The R7500 Nighthawk X4 is priced at $280 which closely tracks the Asus RT-AC87 pricing. It will be an interesting tussle in the market between the two, as Asus will also bring the Broadcom XStream solution demonstrated at Computex to the market soon.

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  • icrf - Tuesday, September 02, 2014 - link

    So does the faster SoC along with offloading mean this will route a full gigabit per second? I ask because my fiber doesn't terminate where I'd like to put a real server capable of doing that kind of routing (I know, the horror!) :P Reply
  • code65536 - Wednesday, September 03, 2014 - link

    Um, many consumer-grade routers are already capable of gigabit routing; see the reviews on SmallNetBuilder.com. (However, this requires the stock firmware as it involves using proprietary code that bypasses the rather heavy Linux netfilter. DD-WRT is currently testing their own open-source re-implementation of this accelerated routing, but it's currently buggy.) Reply
  • icrf - Wednesday, September 03, 2014 - link

    SmallNetBuilder's throughput tests aren't very meaningful. Yes, that is peak throughput, but if you have normal clients connected, or want to run firewall rules of any kind, speed drops way, way down. A friend of mine bought one that they claimed would do 950 Mbps, but he saw maybe half that. Jacked in directly, bypassing the router, he got the full gigabit.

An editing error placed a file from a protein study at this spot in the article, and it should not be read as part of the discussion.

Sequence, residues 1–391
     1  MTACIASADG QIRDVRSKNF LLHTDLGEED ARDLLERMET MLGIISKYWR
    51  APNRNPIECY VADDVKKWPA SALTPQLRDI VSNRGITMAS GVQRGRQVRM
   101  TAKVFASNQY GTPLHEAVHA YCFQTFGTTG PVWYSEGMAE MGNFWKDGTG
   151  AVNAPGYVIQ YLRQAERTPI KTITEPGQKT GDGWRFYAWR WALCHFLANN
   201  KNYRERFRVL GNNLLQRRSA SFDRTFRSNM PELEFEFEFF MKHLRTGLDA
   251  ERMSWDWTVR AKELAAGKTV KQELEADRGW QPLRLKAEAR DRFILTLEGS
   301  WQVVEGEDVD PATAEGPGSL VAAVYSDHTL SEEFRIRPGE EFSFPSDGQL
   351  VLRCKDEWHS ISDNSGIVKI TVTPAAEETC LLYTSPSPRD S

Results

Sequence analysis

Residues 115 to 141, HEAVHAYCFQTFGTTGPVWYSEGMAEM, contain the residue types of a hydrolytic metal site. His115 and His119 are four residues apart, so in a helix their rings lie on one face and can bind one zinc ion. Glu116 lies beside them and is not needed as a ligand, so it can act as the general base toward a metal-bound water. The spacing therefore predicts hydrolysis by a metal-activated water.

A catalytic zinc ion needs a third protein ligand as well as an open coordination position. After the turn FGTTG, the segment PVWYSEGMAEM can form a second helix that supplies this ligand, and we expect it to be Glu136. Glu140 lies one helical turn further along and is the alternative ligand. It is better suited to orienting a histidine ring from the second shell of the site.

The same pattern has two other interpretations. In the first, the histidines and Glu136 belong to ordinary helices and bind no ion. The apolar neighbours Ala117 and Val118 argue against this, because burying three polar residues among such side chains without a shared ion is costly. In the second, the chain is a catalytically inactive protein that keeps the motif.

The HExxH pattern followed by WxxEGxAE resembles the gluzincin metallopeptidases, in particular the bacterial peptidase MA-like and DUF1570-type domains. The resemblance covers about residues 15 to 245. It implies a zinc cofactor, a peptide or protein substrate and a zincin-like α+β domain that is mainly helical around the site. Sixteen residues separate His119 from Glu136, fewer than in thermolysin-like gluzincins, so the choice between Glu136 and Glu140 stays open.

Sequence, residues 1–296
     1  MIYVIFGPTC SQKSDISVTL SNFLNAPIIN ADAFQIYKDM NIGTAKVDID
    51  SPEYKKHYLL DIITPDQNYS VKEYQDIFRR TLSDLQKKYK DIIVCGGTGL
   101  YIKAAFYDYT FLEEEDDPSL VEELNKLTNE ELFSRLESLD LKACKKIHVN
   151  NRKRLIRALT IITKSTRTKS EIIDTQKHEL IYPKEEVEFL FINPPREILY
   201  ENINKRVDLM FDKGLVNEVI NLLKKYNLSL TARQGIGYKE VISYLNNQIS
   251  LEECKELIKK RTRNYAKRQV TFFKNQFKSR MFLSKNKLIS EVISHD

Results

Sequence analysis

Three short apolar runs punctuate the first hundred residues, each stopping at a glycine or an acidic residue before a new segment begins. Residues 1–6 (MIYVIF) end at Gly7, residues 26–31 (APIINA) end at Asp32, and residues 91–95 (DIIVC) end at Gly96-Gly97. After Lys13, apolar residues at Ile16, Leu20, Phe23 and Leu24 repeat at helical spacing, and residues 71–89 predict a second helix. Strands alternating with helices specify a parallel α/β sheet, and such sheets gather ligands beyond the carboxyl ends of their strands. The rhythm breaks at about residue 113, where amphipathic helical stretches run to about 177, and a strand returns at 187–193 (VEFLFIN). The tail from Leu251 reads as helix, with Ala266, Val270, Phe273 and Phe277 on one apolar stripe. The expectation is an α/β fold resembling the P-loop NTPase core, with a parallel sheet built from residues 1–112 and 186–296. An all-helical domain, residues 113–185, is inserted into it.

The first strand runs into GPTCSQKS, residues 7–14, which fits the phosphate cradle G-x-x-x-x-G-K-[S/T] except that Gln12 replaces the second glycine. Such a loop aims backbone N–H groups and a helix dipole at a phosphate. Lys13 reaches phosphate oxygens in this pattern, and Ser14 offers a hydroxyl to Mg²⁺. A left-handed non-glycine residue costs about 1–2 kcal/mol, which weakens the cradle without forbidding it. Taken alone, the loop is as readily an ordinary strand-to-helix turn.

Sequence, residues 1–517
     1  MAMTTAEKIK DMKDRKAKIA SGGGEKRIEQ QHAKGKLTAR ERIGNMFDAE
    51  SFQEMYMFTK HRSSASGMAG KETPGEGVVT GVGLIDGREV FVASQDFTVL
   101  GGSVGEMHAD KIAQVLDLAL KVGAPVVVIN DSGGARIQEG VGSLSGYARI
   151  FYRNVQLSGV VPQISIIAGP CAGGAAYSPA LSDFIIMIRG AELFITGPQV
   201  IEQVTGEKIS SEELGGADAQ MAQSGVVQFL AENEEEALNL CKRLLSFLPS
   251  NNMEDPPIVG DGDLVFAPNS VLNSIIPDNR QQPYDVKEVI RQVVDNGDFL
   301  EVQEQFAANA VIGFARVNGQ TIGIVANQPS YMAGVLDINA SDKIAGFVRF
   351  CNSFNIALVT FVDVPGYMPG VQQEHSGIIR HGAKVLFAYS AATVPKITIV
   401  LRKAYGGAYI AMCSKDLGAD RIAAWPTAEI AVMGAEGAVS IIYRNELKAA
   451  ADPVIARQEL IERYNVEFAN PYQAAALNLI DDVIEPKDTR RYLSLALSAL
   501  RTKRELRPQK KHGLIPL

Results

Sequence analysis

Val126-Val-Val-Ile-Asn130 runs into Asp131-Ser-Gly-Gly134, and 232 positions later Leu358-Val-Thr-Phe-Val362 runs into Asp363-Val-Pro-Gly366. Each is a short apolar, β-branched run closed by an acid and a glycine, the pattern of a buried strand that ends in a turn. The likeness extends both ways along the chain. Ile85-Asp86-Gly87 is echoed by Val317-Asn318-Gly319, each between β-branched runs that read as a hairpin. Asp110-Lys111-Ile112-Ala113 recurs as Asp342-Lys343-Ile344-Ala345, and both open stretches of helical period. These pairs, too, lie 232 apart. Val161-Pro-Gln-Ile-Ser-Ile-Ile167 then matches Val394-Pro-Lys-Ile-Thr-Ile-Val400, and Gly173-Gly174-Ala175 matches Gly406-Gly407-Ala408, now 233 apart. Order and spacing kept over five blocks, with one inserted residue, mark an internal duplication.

http://www.smallnetbuilder.com/lanwan/lanwan-howto...
    Reply
  • icrf - Thursday, September 04, 2014 - link

    For example, the R7000, SmallNetBuilder says is good for 930-940 Mbps [1]. DDWRT says that with stock firmware (ie, not actually running DDWRT), it's good for 450 Mbps [2], which is what my friend is seeing (with DDWRT, 360 Mbps, which is the proprietary hardware you mentioned).

    I don't know quite all the detail of what they're doing, but they're turning everything off and tuning everything to get best case scenario throughput that no one in actual normal use will see. It's disappointing there isn't a better resource for real work throughput testing. I guess there just aren't enough people who actually need it.

    [1] http://www.smallnetbuilder.com/wireless/wireless-r...
    [2] http://dd-wrt.com/wiki/index.php/DD-WRT_on_R7000
    Reply
  • DuckieHo - Tuesday, September 02, 2014 - link

    No MU-MIMO yet, right? Reply
  • Betak - Tuesday, September 02, 2014 - link

    According to smallnetbuilder.com: "If you're looking for MU-MIMO support, you're also out of luck. NETGEAR said that the R7500 will not support Multi-User MIMO when shipments begin, but it will be added via a future firmware upgrade." Reply
  • edlee - Tuesday, September 02, 2014 - link

    This router has a better cpu that midrange smartphones, sans the gpu and communications chip. Reply
  • A5 - Tuesday, September 02, 2014 - link

    It probably does a lot more work on a day-to-day basis than a mid-range smartphone too :P Reply
  • p3ngwin1 - Tuesday, September 02, 2014 - link

    and the power consumption difference o.O Reply